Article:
An employer should have covid measures in place to create a covid safe workplace. Use the following as workplace guidance to reduce the risk of coronavirus in the workplace.
Coronavirus Advice for Employers
If you want to keep operating your business despite the current crisis, it is important to follow the HSE guidance on how to do it as safely as possible. You first have to identify all the different ways of reducing COVID-19 within your organisation. Then you put together a plan of action, with some simple controls to be implemented first.
This guidance also covers the following measures that employers should include in the health and safety program:
- Every enclosed workplace should have proper ventilation
- A workplace should undergo frequent cleaning and disinfection
- Workers must be reminded and encouraged to practice good hygiene- especially washing hands and using sanitiser
Top Safety Tips for Implementing Changes:
While keeping your employees safe is your responsibility, your valued employees are your best resource for information on how to do it. If you're an employer, it's your legal duty to consult with workers about health and safety issues. This means listening, asking questions, and keeping them up-to-date on how you will manage risks from COVID-19. Your employees are the people best-suited to tell you how best to keep them safe, so you must consult with them. This is vital not only for discussing and implementing changes but also for engaging with employees and encouraging them to be actively involved in the workplace safety program. This active involvement also creates a workplace safety culture that will go a long way in developing a sustainable workplace rooted in safety.
Be mindful of new changes and how they will impact existing policies. Analyse the effect that each change in a health and safety policy will render on existing health and safety rules.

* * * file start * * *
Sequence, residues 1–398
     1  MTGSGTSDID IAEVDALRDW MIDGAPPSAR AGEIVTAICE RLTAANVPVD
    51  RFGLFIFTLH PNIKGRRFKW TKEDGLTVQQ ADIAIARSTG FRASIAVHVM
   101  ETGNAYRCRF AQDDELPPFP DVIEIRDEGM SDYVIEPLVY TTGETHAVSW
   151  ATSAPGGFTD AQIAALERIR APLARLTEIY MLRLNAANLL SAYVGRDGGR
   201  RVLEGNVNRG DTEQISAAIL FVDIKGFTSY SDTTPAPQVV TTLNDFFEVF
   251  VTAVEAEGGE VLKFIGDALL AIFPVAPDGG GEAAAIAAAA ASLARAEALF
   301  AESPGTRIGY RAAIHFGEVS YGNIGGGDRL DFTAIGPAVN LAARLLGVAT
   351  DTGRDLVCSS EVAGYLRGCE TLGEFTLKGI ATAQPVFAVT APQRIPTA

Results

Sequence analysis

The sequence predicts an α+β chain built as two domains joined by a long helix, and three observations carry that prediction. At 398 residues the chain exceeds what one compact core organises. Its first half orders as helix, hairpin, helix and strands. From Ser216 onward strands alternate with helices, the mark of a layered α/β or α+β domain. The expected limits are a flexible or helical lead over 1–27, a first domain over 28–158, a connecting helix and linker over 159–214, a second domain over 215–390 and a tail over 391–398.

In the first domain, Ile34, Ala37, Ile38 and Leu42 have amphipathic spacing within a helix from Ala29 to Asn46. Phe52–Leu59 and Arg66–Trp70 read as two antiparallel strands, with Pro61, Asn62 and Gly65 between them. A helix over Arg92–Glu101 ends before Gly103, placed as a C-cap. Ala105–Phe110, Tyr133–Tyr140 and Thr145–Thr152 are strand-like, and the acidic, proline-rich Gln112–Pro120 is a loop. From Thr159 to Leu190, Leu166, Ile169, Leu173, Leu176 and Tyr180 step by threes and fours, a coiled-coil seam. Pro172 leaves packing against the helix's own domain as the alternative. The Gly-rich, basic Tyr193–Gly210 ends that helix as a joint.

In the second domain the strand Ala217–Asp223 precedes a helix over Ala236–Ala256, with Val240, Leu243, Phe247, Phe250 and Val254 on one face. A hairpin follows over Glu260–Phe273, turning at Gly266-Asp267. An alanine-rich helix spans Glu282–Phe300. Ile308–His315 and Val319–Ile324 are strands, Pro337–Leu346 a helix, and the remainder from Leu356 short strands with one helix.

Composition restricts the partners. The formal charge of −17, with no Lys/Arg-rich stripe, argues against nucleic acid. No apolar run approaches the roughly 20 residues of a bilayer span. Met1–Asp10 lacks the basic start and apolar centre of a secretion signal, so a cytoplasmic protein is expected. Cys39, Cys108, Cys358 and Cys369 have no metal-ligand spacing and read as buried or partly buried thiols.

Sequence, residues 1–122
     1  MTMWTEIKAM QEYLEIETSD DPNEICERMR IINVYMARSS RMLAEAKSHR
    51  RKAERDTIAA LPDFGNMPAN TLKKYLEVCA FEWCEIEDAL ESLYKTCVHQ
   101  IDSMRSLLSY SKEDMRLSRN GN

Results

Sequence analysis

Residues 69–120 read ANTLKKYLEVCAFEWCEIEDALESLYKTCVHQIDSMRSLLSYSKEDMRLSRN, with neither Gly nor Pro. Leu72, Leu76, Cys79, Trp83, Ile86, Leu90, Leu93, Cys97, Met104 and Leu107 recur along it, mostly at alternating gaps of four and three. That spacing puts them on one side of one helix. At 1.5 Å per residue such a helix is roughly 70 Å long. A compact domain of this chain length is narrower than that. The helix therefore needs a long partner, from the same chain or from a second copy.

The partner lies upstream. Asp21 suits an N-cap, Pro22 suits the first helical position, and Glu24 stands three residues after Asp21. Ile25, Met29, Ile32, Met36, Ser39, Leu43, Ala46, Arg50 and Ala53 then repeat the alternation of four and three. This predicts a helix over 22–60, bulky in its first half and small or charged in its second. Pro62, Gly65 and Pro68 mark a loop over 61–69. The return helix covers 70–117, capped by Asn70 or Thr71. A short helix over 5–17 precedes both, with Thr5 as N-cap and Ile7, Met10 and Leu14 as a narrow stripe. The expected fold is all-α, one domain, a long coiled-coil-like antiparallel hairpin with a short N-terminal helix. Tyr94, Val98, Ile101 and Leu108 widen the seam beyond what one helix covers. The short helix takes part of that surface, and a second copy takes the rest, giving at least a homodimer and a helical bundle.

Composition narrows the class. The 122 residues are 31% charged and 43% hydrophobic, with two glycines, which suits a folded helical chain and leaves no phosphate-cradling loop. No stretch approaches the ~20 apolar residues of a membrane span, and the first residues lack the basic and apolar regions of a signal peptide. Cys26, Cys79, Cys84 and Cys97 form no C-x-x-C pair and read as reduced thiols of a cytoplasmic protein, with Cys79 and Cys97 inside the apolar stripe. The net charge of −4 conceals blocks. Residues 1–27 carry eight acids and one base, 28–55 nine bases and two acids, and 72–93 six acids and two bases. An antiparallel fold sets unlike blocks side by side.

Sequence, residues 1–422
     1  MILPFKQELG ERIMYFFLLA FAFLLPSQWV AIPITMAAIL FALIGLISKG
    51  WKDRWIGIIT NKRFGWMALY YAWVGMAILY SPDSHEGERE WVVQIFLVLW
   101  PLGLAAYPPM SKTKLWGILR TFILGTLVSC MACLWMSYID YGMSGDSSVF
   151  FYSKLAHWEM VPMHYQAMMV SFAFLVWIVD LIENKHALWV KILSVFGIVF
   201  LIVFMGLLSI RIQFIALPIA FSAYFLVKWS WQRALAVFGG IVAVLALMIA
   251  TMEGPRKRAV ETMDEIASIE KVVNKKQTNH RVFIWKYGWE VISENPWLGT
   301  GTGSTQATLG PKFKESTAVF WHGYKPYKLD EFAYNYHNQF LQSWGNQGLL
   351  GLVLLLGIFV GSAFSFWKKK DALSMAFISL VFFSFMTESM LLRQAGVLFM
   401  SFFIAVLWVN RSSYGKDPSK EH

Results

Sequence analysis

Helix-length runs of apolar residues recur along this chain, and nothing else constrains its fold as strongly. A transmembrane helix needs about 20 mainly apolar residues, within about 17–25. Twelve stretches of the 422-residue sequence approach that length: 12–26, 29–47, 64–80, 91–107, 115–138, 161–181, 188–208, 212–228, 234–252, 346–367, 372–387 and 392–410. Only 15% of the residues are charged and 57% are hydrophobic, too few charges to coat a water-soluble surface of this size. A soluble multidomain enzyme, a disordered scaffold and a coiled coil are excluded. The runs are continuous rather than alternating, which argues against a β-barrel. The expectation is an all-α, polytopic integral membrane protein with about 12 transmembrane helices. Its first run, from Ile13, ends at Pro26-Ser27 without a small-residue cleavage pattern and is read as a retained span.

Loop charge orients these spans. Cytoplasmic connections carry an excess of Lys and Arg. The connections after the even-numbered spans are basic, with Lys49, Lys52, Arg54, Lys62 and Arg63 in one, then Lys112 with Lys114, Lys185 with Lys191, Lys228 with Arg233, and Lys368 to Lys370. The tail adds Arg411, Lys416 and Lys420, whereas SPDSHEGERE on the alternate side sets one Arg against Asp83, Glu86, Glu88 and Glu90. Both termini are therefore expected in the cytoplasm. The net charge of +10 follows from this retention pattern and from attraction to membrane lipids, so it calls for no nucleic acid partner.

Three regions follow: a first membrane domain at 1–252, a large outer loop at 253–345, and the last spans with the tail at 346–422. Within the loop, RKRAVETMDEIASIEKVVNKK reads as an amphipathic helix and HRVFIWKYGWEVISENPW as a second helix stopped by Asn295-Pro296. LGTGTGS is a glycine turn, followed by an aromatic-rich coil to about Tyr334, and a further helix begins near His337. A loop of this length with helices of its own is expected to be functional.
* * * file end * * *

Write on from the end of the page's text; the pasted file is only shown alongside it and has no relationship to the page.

Measures for managing risk are called safeguards because they help to guard a company against a specific risk. But remember, one safety measure alone will not be enough to safeguard your company and employees from COVID-19. Your risk assessment should identify a combination of safeguards so that together they help guard your workplace and keep your employees safe.
Addressing Employee Anxiety
Anxiety is a major mental health issue that affects millions of people around the globe. It is an invisible condition, and usually by the time physical symptoms show it has already rendered an effect on a person’s mental and emotional well being. A recent survey shows that anxiety has risen by at least 30% since before the pandemic. And as more and more people begin returning to work, this is likely to increase even more. While employers are not necessarily legally obliged to manage the anxiety levels of their workers, it can dramatically impact a worker’s productivity.
For most employees, it's not necessarily the risk of covid that causes the anxiety- it's that it can adjust their routine. Human beings generally feel safer with routine- and this is especially true when it comes to workers and their workplace routines. When the lockdown hit, most employees had to adjust to remote working. Now that businesses and commerce are reopening, employees have to readjust to working in a new environment again. Some may be concerned about leaving home and contracting covid, but for most, it's the readjustment period that creates most of the anxiety.
As an employee, how can you help to manage these factors affecting the mental health of your employees?
Health and hygiene have become synonymous with an attractive workplace. According to a study conducted by KPMG, 60% of surveyed workers will consider taking a lower paid job if the environment was healthier and more hygienic. Another survey found that the same percentage of people would not return to the workplace if they felt they would be at risk of contracting the virus. This goes to show that a robust health and safety program (with proper communication with employees) is paramount to a sustainable workplace that fosters productivity and encourages worker loyalty.
Top Tips for Making Employees feel Safe in the Workplace: